“That’s a lie!” The girl glared at the man. The muscles in her arms were tense with effort, and she looked magnificent in her anger. One of her shoes had come off, and in order not to have to look at her face, Alyosha stared at her bare toes clenching in the dust. “I had nothing to do with the German commandant.”

“He just left her behind when they pulled out yesterday,” the man said. Alyosha could identify the other emotion in his voice now, along with the fury. It was triumph. “She was running behind them, with the other collaborators, begging them to take her along. But the German pretended he couldn’t hear her.”

“He’s right,” one of the other men said. “This bitch, she isn’t from this village, but she came here just after the war started. Mother dead and papa in the army, she said, and said she’d come where she knew she could find shelter.” He sneered. “Nice daughter of a soldier she turned out to be. The moment the Germans came she rushed into their arms.” His upper lip lifted in a sneer. “Probably her dad’s one of the traitors who went over to the Germans, too.”

“Ask her what her name was, the one the Germans gave her.” The first man glared up at the turret. “Go on, ask her if it’s not true that they called her Snow White.”

There was a sudden silence.

“Snow White,” the corporal said. “Are you sure?”

The man nodded, saying nothing. For an endless moment nobody spoke.

“Snow White,” Alyosha mouthed silently. Even he had heard of Snow White, word of whose cruelty had filtered back through the partisans to the troops. He couldn’t believe it. Snow White should be a tall, jackbooted Nordic ice queen with flinty blue eyes and a cigarette in a holder. She shouldn’t be an oval-faced village girl with straw in her hair and dirty toes.

“All right, corporal,” Tereshchenko said from the turret. “Hold her. Fyodor, call battalion and report that we’ve got Snow White.”

Alyosha stared at the young woman. Now that she was no longer struggling, there was something almost familiar about her face. From being someone who should have been a Nordic ice queen, Snow White had become someone whom he seemed to have known for a long time.

“Starshina,” Fyodor said, “the Kombat says to take her back to battalion. She’s to be sent on from there.”

There was a brief pause. “Very well,” Tereshchenko said. “Tell the Kombat we’ll be bringing her back. Corporal,” he added, “get the people to go back to the village and stay here with your squad. Keep an eye on everything.”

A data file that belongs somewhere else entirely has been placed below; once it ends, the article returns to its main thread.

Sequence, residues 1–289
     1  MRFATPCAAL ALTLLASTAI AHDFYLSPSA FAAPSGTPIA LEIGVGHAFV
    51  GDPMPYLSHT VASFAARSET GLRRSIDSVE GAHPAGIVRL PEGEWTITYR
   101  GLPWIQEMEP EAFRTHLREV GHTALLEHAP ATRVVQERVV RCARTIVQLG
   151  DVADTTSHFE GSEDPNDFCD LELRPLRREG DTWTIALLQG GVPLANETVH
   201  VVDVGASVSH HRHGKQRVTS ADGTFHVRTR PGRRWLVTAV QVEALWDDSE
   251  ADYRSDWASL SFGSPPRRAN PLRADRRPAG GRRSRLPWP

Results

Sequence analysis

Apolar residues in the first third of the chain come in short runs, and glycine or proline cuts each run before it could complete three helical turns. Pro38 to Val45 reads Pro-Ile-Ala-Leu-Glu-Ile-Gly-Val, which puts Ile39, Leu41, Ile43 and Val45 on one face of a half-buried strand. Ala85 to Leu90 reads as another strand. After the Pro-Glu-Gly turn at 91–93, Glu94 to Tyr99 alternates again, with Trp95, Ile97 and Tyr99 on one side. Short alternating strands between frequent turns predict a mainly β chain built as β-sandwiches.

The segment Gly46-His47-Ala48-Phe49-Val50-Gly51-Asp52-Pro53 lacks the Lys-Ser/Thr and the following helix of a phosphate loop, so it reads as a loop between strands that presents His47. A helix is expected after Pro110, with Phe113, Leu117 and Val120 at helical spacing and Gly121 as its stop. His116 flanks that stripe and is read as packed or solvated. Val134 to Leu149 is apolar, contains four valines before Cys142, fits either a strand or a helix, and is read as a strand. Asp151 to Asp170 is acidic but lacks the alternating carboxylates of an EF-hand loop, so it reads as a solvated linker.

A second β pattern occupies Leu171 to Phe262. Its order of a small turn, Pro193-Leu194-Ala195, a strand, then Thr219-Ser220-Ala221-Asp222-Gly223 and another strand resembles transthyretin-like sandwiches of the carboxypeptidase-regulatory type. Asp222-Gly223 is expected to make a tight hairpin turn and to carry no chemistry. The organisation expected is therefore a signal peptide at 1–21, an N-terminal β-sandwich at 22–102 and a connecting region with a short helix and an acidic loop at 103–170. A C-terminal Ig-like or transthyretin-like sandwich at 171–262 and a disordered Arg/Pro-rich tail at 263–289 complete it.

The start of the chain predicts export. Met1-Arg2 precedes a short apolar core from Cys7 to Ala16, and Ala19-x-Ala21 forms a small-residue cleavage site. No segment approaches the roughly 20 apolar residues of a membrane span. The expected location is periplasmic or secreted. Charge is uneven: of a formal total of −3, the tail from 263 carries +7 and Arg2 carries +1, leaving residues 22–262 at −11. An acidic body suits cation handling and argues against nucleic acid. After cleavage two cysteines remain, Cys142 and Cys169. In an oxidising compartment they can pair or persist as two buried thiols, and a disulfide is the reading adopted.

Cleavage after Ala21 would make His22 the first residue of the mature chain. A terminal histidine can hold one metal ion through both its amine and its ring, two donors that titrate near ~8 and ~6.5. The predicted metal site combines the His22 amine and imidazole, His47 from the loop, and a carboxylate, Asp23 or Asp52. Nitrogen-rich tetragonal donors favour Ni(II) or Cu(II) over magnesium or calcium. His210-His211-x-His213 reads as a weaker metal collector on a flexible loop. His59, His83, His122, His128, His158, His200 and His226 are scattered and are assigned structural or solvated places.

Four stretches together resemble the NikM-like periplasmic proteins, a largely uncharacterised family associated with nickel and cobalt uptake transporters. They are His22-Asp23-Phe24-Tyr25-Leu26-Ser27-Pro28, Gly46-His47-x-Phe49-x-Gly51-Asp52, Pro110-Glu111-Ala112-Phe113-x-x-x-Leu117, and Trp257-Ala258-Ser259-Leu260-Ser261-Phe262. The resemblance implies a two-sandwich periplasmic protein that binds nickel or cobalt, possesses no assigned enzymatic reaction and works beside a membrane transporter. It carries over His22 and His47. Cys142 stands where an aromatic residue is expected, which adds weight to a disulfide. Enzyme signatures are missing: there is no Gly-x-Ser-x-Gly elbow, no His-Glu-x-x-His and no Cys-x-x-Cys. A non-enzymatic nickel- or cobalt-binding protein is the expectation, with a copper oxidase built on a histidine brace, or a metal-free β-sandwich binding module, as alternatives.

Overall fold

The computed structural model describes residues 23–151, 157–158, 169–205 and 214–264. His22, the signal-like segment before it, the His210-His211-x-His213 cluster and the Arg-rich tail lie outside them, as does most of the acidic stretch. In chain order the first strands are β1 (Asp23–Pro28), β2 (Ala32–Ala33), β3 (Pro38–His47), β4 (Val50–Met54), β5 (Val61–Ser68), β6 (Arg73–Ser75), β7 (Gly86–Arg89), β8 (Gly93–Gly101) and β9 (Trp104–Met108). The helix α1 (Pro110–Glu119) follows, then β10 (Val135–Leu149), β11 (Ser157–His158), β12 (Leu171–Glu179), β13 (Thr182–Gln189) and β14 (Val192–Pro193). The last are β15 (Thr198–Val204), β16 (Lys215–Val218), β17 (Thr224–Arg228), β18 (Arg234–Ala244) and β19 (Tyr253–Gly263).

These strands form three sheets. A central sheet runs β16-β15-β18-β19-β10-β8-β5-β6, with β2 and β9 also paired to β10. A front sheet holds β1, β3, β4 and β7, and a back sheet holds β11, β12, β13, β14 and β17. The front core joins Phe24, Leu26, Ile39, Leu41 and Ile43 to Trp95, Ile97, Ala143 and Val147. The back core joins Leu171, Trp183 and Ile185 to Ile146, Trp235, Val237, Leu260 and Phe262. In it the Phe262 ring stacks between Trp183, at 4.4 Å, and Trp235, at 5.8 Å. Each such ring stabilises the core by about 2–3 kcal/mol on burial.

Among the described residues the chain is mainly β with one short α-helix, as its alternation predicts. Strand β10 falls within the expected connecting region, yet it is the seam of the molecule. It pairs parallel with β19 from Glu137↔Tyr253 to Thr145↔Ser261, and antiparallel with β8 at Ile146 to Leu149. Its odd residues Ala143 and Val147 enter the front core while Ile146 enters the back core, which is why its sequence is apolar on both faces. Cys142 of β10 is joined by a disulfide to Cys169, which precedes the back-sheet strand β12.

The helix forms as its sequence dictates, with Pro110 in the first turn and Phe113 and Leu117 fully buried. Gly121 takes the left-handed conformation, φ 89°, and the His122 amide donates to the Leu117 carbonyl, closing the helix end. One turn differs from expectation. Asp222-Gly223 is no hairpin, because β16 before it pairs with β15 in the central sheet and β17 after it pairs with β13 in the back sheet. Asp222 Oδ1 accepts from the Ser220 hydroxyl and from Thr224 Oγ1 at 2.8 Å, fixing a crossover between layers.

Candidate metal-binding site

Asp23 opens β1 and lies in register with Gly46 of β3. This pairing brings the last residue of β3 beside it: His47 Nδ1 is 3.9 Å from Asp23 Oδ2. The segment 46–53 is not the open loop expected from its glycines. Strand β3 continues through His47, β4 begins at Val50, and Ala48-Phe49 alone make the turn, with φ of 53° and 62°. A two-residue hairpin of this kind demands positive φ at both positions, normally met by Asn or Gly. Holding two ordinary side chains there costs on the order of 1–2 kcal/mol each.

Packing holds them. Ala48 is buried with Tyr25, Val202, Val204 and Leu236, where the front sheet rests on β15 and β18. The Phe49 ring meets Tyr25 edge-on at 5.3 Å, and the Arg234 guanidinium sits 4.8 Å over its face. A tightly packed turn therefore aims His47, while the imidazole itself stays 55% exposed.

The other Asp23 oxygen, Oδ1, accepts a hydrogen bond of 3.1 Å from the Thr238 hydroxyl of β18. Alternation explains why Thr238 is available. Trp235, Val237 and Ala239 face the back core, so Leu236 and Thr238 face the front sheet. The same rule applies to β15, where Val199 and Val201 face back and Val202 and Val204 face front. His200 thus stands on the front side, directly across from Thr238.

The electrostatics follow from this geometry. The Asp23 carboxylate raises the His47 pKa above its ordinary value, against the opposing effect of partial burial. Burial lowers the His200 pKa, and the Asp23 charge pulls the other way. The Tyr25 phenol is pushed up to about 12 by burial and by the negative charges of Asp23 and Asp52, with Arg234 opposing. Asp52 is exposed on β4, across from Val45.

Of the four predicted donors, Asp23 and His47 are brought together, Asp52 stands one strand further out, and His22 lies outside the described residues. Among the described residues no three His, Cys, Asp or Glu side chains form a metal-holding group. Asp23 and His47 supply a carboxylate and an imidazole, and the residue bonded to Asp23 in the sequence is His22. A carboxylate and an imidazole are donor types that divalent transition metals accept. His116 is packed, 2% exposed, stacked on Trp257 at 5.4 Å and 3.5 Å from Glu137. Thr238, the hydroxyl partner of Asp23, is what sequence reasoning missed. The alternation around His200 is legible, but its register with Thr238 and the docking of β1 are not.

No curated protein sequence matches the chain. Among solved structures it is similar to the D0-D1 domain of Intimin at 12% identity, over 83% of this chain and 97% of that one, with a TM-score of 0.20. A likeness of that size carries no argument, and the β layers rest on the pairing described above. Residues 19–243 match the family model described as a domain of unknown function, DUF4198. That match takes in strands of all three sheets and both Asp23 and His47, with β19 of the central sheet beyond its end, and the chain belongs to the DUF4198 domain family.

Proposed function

“But, the woman, sergeant,” the corporal said. “How do you plan to take her back? Someone like that, inside the tank, she might get hold of a submachine gun or a grenade and –“

“I’ll talk to her,” Tereshchenko said. He swung himself out of the turret and dropped to the ground. Alyosha could see him out of the corner of the hatch, in his brown uniform and black helmet for all the world like someone from another world in the honey-drenched summer light. “I’ll talk to her and convince her to behave. Get the people indoors and keep watch.”

“Starshina –“ the corporal protested.

“I said I’ll talk to her, damn it.” Tereshchenko plucked the Walther out of the third soldier’s grasp and grabbed the girl’s shoulder. “Let’s take a little walk,” he told her, his fingers digging into her so hard that she winced. They passed out of sight to the side of the tank.

Nobody said anything for a moment.

“Snow White,” Akhmetov said. “That wasn’t what I thought Snow White would look like.”

“None of us did,” Fyodor said. “Well, live and learn, as they say, right?”

“What happens to her when they get her back to Moscow?” Alyosha wanted to know.

“What do you think, fishling? Some good hard interrogation and a firing squad, what else?”

“What’s the Starshina doing with her?” Fyodor asked.

“I can’t quite see,” Sasha said from the turret. “They’re over by the trenches. They –“

“What?” Alyosha asked.


There was a shot, the clear crack of the Walther. A heavy tread came closer to the tank and Tereshchenko climbed in through the turret. “Let’s go.”

“The girl?”

“Forget the girl. Let’s go.”

“Starshina,” Akhmetov said. “The Kombat said –“

“Let’s go, I said.”

Alyosha switched on the engine and turned the tank round. They clattered unevenly up the track and passed the trenches. From the nearest of them, a bare foot protruded, smeared with blood.

The tank drove on towards the setting sun.


I only found out about the rest of it later,” Alyosha said.

His granddaughter sat back against his chair and hugged her knees. “What happened to the sergeant?”

“To him? Nothing. I don’t know what Tereshchenko told the Kombat. Probably that the girl had tried to escape and he’d been forced to shoot her. We never heard anything more about it anyway, and he was killed in Berlin.”

“So what did you find out, dedushka?”